Is PAM Privileged Access or Privileged Identity Management?

Sath Inc

IDHub Team Member


What Is Privileged Access Management (PAM)?

Privileged Access Management (PAM) consists of the comprehensive solution for cybersecurity and technology strategies, for controlling elevated (privileged) access, sessions, and permissions for users, accounts, processes, and systems, across an IT environment.

What is the difference between IAM and PAM?

While some overlap exists, Privileged Access Management focuses on specifics related to privileged accounts, or administrative access accounts. Identity Management, as a rule, includes managing access to any and all users, within a business system or network.

Privileged Access Management enables organizations to ensure users have only the necessary access levels needed to do their jobs.

What Is Privilege?

In an information technology context, privilege can be defined as the authority or level of security a given user, account, or process has within a computing system or network.

What is Privileged Access?

In an enterprise environment, Privileged Access is used to designate special access or abilities, above and beyond that of a standard user.

Privileged Access could be anything from an admin account on an application, or to fully control critical infrastructure, systems, and confidential data.

What is Privileged Administrative Access?

Privileged Administrative Access refers to full control and functionality, for a user across all workstations and servers within an organization's network.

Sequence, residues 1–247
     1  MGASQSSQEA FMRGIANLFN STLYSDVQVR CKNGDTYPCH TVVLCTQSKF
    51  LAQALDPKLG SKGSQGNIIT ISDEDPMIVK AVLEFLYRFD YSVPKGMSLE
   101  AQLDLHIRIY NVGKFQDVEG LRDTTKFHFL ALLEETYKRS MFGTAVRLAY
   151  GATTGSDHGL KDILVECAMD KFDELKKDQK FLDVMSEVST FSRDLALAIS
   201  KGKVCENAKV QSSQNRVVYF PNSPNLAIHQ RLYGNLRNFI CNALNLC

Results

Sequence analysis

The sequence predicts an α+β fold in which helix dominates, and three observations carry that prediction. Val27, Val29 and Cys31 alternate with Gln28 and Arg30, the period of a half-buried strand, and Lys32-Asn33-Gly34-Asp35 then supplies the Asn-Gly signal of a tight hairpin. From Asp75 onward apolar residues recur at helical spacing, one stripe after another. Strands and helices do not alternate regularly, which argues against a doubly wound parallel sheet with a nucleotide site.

What is a Privileged Account?

Any account that has been given elevated access and privileges beyond a non-privileged account would be considered a "Privileged Account".

What is Privileged Access Security?

Privileged Access Security (PAS), can also be referred to as Privileged Identity Management (PIM).

As discussed, the PAM designation is grounded in the principle of least privilege.

PAM relies on users only being granted the minimum levels of access required to perform their job functions.

What is Access Control?

The process of managing and controlling, granting or revoking, elevated access or administrator privileges, is considered access control.

Additionally, the abilities a user has across an organization, network, or even a single application or entitlement for an application, is part of access control.

Finally, the process is an ongoing one; once a user is initially authorized, permissions need to be granted or revoked over the user's lifetime, within the organization.

What are the benefits of Privileged Access?

PAM allows organizations to secure their infrastructure and applications, and run their operations efficiently.

Additionally, Privileged Access enables security teams to maintain the confidentiality of sensitive assets and data.

Finally, PAM allows teams to identify malicious activities linked to privilege abuse and take swift action to remediate risk.